"Duty grabbed me right away and saw that I was getting angry. I thought, 'I'm going to take this baton away from (the deputy) and hit him over the head with it,' but they had the attack dog. Double Duty said, 'He's just riding with us, and he wasn't going to play today.' They said, 'Fine, he can sit in the stands, not in the dugout.'

"I never put a name on that face until about 10 years later. I'm watching the news on TV, and I see a Martin Luther King walk. And here's that same guy. It was Bull Connor. And another deputy had them dogs."

Connor, the commissioner of public safety for Birmingham, earned infamy for turning water hoses and attack dogs on civil rights demonstrators in the early 1960s.

There were other indignities. After games, the players would be hungry. But in many places, they could not stop to eat.

"On the way home, if there was a drive-in open, we'd go up and I'd go in and tell them, 'You got room for 10 people in here?'" Clarizio said. "They'd say, 10 people?' I'd say, 'We're all baseball players.' 'What color?' 'Black.' 'No. No black people in here. You see any black people in here? If you'd like something to take out, I'll give you something to take out.'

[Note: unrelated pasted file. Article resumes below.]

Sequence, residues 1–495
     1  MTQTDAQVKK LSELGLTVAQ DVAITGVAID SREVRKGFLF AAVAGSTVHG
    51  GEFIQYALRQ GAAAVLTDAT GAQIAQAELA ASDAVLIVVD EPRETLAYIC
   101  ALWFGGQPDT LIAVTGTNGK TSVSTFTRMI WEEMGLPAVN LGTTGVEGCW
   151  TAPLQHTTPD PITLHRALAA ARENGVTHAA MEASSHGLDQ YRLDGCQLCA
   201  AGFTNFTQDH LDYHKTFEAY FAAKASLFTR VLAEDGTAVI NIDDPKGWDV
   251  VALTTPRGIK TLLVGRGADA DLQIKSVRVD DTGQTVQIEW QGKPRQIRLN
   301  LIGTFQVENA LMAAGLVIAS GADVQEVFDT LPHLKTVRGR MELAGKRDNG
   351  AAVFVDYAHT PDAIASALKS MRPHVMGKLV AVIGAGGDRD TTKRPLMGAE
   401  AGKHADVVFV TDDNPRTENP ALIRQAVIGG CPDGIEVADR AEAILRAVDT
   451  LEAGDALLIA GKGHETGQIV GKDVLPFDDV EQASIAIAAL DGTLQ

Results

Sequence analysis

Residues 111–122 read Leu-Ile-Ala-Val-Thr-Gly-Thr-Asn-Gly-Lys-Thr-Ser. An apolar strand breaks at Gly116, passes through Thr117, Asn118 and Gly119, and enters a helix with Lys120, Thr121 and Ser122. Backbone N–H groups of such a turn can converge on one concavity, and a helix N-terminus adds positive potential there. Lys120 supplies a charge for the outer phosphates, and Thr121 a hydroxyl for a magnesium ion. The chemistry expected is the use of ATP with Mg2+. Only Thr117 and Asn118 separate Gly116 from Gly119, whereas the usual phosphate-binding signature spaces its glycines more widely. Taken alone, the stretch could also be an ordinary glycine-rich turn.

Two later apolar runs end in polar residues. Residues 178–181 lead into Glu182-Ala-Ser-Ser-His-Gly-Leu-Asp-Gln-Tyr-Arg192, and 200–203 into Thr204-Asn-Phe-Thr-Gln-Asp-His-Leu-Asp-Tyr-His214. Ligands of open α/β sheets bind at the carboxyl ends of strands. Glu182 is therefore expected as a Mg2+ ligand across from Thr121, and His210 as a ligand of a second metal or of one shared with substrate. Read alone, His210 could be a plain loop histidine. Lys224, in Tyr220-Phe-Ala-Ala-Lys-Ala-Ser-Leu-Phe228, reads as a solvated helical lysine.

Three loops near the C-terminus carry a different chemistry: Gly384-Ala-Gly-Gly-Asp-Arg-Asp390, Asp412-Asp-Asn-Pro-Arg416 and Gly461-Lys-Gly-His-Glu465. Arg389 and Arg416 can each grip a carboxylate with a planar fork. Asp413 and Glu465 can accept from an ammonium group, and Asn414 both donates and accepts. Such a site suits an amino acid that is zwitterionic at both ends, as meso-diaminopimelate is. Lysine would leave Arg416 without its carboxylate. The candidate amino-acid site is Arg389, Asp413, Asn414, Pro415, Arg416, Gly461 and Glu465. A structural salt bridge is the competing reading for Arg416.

"I'd go back out and tell Duty they said I could take something out. He said, 'OK, go in and get a dozen hamburgers.' So I'd get a dozen hamburgers and bring them out. I thought it was pretty bad. But I knew that's how it was."

Although Clarizio's career with the Giants was brief and he never did fulfill his dream of reaching the big leagues, he looks back fondly on being a small part of it.

"Yes, because I wanted to play baseball," he said "I thought, 'Well, that was a good time to get in and get exposure to the scouts.' We did have a good time. I would have liked to have played in the big leagues, but it was good baseball.

"The only bad (memory) was with Bull Connor, and I even took that out of my memory. No sense carrying that kind of resentment. I was kind of resentful of that for a while. I was just before the Civil Rights movement, but I was part of history in a sense."

Negro League timeline

1920: Negro National League was established in Kansas City, Mo., behind Andrew "Rube" Foster, its president, and operated until 1931.

1929: American Negro League formed after the collapse of the Eastern Colored League in 1928.

1933: A second Negro National League formed, and was the only black professional league operating until 1937. It featured mostly eastern clubs.

1937: Teams in the South and the Midwest form the Negro American League. The NAL and the NNL coexisted through the 1948 season.

1949: The NNL was absorbed in the NAL, which operated as the last black major league through 1960.